Around since the time of the Spanish explorers, Pisco is often thought of as a pommace spirit (akin to Italy’s Grappa or France’s Marc). It is, however, a brandy made from distilled grapes. It’s the national drink of both Chile and Peru where citizens argue constantly as to which country it originated in http://dinersjournal.blogs.nytimes.com/2012/07/27/the-pisco-wars/?_r=0). Since there is a port city in Peru called Pisco, I’d wager Peru is a safe bet. It’s also popular in Bolivia where it’s called Singani.
In Peru, Pisco is named according to the type of grapes used as the base material; Pisco Fur (Fur grapes), Pisco Ciuvre (Negra Corriente, for example), Pisco Aromatico (for Moscatel d’Alexandra and Torrontel) and Pisco Verde, made from partially fermented grapes.
In Chile, Pisco is made mostly in the north’s Elqui Valley – as is this example – from Moscatel d’Alexandria, Torrontel and Pedro Ximenez grapes, and the naming depends upon the amount of ageing and percentage of alcohol present. The unaged versions are 30% abv and called Seleccion, Especial refers to 35% abv and is short aged, Reservado is 40% abv and aged longer and the Gran Pisco is the most aged expression.
Ageing takes place in casks made of the native Rauli wood and the spirit is usually distilled in pot stills, is water white and colourless. It tends to have aromas of jasmine and orange blossom and is beautifully aromatic due to the varietals used which are strongly floral.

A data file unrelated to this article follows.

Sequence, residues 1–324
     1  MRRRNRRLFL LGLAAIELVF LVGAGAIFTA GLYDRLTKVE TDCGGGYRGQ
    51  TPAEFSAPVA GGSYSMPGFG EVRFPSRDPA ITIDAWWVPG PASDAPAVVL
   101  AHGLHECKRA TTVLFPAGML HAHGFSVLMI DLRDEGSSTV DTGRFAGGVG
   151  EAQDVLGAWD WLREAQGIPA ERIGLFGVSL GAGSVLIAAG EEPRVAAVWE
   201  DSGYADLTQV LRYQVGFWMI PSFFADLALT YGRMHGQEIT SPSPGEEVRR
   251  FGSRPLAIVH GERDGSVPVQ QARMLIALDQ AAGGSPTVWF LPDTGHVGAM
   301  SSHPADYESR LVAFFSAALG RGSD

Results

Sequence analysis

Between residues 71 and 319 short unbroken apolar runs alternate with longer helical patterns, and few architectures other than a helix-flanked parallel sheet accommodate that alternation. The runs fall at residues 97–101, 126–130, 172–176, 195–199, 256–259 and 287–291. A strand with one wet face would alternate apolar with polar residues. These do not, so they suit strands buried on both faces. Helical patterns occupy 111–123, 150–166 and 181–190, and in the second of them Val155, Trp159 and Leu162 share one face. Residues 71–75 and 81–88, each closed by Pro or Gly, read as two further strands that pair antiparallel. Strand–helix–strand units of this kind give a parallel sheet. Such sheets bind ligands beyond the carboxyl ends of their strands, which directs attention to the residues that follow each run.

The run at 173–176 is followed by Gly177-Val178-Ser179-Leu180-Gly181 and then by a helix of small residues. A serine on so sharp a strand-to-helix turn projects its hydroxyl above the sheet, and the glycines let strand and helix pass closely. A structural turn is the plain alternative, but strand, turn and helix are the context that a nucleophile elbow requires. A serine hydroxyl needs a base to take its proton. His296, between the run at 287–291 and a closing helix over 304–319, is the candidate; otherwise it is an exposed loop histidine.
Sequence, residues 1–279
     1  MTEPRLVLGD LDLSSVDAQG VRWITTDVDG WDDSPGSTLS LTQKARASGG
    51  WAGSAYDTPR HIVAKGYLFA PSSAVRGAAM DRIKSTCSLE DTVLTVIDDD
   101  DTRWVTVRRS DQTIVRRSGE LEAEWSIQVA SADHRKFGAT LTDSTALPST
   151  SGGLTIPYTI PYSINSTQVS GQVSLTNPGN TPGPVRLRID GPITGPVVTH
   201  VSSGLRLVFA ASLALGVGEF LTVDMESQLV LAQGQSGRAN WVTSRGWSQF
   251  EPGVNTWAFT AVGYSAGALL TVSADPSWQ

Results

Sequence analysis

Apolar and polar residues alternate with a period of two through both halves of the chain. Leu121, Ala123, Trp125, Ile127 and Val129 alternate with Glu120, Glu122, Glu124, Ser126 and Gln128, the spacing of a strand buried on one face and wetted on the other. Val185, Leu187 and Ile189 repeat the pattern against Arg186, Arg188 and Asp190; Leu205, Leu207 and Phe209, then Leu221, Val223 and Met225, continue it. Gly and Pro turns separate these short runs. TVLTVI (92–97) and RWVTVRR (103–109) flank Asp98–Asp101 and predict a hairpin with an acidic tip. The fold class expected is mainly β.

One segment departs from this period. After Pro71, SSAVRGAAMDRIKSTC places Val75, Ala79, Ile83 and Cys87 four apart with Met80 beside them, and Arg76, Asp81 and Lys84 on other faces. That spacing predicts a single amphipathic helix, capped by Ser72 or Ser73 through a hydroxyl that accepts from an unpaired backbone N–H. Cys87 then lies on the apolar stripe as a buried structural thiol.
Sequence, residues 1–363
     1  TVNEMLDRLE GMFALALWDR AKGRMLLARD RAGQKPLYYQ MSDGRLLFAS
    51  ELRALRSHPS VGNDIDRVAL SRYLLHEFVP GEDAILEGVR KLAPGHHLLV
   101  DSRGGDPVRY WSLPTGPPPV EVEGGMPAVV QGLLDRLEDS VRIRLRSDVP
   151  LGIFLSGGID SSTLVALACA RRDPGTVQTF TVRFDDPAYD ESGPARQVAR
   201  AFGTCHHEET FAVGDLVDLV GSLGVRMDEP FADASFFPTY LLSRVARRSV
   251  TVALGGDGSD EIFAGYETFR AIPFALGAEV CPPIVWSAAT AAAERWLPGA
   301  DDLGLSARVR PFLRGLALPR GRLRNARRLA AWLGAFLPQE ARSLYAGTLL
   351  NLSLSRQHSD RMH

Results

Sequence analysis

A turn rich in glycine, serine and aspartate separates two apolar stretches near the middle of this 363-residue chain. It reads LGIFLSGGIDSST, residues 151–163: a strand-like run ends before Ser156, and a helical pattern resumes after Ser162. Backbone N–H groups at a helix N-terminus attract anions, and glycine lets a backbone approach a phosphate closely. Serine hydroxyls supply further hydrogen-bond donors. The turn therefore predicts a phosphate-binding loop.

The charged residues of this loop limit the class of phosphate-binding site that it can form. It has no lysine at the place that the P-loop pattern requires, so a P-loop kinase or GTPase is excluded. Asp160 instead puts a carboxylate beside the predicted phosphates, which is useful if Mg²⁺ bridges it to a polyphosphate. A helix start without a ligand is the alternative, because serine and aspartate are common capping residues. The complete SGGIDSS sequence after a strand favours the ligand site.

This spirit is clear and bright, water white, colourless and has legs. On the nose, it’s got pronounced intensity with aromas of orange blossom and jasmine bud, flowers, some pungent green leaf, vegetal tones and is matured (this example is Reservado).
The palate is dry with warming alcohol, medium body and pronounced intensity with flavours of orange peel, flowers, jasmine blossom, citrus, soft cooked green bell pepper, leaves and grass. The length is medium with some complexity.
This is WSET ‘good’ (the low end of ‘good’) – beautifully aromatic with simple complexity, but balanced and integrated. If either the warming alcohol or medium finish were higher, it could be ‘very good’. I can see why Peruvians and Chileans fight over the intellectual ownership of this spirit. Bring on the Pisco sours and Pineapple Pisco punch.
I have many fond memories of living in Chile and the many Piscola Negro, Piscola Blanco and Pisco Sour drinks I had there. I even had the wonderful experience of visiting Capel and touring their facility (my first ever distillery tour). The Chileans do love their Pisco! It is however, an acquired taste. 🙂 Glad you enjoyed.
I have to say I think it’s pretty great!